Cervical Cancer:
Diagnosis and Staging

This page covers tests that are often used to help diagnose and stage cervical cancer.
Depending on the symptoms you have, you may also be asked to undergo other tests and investigations.
Diagnostic Tests to Determine Cancer Type

Once the doctor is sure of an abnormality, the following tests are done to determine further details about the type of cancer present.

Colposcopy

What to expect

If you have symptoms that suggest cervical cancer, or if your Pap test shows abnormal results, your physician may recommend a procure called a colposcopy.

A colposcopy is generally pain-free, unless you have an underlying condition that causes pain to your pelvic area. You can expect some minor discomfort while undergoing the test. It is important that you choose a doctor and clinical team that you are comfortable with to perform your test. Your clinician may tell you to avoid doing the test during your menstrual period.

During a colposcopy,

  • You will first be asked to undress the lower part of your body and lie on the examination table. Ask for a sheet or blanket to cover yourself while you wait for your doctor.

  • Try to relax your pelvic area, as this will make the test more comfortable for you.

  • Your doctor will first place a speculum inside your vaginal opening. The speculum is a metal or plastic instrument that keeps the vagina open so that the cervix can be seen clearly and examined using a colposcope. A colposcope is a magnifying instrument used to check for abnormal tissue.

  • In order to make any abnormal areas easier to see, your doctor will put a weak solution of acetic acid (similar to vinegar) on your cervix.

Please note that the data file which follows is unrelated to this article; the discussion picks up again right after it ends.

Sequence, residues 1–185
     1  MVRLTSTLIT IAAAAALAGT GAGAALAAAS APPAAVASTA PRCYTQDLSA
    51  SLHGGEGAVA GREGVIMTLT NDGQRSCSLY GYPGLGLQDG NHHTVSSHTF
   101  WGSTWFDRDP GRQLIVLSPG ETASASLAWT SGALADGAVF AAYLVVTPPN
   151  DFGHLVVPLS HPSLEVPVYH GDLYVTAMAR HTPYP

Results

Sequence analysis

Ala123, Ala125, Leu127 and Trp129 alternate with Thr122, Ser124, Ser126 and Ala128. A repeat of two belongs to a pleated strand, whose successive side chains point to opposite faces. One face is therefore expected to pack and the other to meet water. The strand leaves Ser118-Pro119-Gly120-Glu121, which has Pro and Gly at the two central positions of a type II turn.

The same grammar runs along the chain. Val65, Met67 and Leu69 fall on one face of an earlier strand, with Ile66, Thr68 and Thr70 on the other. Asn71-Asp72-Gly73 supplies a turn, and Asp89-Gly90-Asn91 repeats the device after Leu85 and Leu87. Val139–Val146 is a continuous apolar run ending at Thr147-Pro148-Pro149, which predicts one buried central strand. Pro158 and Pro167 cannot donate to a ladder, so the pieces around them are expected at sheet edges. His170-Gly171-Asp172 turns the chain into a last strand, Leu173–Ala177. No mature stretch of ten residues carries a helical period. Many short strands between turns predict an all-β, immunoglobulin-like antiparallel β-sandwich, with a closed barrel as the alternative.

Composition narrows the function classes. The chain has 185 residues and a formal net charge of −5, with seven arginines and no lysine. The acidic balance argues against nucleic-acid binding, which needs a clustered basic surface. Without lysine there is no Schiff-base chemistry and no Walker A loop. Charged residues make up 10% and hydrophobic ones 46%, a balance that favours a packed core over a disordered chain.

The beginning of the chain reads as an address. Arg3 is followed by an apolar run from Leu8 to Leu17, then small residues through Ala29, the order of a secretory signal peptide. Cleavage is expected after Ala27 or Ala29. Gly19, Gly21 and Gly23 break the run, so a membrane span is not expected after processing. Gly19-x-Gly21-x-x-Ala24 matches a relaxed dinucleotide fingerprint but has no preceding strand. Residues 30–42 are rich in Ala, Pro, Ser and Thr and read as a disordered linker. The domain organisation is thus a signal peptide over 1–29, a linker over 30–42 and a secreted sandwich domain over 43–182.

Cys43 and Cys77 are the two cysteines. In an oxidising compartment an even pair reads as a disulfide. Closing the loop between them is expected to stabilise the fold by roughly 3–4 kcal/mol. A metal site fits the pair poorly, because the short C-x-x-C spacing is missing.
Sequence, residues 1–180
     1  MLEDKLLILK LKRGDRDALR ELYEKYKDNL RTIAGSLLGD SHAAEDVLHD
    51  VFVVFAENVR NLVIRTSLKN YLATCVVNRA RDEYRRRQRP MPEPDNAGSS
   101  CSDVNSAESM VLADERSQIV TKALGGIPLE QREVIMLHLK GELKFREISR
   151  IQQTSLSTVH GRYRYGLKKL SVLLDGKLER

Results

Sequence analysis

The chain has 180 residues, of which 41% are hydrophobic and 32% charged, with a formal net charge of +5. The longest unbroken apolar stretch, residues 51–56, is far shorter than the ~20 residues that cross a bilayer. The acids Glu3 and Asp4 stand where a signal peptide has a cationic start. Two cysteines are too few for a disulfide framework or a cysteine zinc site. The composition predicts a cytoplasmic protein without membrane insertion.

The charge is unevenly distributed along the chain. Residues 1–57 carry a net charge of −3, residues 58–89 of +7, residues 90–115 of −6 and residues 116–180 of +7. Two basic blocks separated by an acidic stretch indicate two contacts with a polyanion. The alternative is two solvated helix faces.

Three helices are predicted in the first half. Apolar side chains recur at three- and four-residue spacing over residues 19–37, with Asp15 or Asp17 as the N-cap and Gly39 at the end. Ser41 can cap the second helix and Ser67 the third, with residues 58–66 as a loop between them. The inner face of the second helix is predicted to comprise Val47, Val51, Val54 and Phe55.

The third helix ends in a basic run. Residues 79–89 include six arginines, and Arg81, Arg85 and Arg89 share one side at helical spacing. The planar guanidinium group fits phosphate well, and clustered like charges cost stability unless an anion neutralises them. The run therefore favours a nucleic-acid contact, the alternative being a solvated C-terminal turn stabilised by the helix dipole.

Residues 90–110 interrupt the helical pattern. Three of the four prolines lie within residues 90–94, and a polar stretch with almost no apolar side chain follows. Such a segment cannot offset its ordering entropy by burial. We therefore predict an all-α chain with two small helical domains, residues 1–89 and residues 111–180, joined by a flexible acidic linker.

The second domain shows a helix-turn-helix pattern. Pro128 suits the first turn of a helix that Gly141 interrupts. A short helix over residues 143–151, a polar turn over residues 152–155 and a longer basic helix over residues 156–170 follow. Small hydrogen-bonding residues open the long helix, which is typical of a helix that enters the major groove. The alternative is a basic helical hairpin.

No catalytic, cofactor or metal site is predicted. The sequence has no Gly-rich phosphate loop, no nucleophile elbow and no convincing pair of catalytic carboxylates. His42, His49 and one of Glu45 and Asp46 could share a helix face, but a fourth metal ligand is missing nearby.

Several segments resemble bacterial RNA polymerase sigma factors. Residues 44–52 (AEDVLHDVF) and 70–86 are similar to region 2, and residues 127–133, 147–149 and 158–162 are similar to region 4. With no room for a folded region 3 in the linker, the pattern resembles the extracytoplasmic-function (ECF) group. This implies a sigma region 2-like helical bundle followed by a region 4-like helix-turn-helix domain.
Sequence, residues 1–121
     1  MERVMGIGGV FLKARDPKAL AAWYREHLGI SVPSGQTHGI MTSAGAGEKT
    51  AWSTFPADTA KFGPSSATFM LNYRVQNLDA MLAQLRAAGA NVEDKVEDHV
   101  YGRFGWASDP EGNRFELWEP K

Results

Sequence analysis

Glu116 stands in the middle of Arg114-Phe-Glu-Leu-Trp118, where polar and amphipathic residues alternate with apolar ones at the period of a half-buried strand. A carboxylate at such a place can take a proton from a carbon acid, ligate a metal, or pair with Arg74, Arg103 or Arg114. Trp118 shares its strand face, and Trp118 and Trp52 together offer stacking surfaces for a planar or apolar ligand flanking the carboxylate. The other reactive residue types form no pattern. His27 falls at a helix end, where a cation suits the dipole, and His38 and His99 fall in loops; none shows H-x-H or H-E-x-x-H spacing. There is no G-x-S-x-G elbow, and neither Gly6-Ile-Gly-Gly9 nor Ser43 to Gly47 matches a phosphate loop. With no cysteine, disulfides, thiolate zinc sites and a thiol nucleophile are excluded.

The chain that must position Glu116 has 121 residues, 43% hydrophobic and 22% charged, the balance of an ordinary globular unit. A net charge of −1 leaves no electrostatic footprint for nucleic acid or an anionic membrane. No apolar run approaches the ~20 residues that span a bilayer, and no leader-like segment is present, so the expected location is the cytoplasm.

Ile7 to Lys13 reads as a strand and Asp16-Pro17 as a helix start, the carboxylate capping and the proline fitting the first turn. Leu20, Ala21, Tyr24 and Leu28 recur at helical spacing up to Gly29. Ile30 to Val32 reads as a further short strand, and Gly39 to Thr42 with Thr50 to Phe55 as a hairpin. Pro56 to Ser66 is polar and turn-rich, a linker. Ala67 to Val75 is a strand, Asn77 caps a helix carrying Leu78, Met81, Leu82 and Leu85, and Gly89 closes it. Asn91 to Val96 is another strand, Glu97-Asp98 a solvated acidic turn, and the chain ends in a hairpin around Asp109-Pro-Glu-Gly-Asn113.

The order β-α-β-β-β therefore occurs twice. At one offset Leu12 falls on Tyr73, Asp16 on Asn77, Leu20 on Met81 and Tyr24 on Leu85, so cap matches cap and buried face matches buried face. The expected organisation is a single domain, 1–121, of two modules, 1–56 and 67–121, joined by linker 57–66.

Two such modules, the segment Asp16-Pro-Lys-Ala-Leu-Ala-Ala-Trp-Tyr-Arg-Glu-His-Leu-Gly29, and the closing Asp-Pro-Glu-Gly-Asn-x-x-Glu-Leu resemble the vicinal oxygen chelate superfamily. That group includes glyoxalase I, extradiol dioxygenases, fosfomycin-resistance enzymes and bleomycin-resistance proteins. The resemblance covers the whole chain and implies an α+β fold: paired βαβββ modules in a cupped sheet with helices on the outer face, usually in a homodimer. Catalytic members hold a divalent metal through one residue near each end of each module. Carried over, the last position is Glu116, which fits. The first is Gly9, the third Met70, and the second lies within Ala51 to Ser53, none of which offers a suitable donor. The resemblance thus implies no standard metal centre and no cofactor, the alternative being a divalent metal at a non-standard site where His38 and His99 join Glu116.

• If any abnormal areas are seen, your doctor may recommend that a biopsy be done.

Biopsy

What to expect

A biopsy is usually the best way to tell for certain if an abnormal area is cancerous or not and is usually done immediately after the colposcopy. This procedure involves collecting a sample of cervical tissue for further analysis in a lab.

While the colposcopy procedure is generally painless, a cervical biopsy can cause discomfort, bleeding or even pain. There are several types of biopsies to diagnose cervical cancers.

  • Colposcopic biopsy: In this type of biopsy, your doctor will use a sharp tool called a biopsy forceps to remove a small sample of cervical tissue. This procedure may cause mild cramping, brief pain and slight bleeding afterward.
  • Endocervical curettage: In this procedure, a small, spoon-shaped instrument or a thin brush is inserted into the endocervical canal and used to scrape a tissue sample from the cervix. After this procedure, you may feel a cramping pain and experience light bleeding afterward.
  • Cone biopsy: A cone biopsy or conization is a procedure that allows your doctor to obtain samples of deeper layers of cervical cells for lab testing. Your doctor will remove a cone-shaped piece of tissue from the cervix. There are two methods used:
    • Loop electrosurgical procedure: This method uses a thin, low-voltage electrified wire to obtain the tissue sample. Your doctor will normally use local anaesthesia to complete this procedure.
    • Cold-knife cone biopsy: In this method, a surgical scalpel or laser is used to remove the tissue instead of the electrified wire. You will receive general anaesthesia during this operation.

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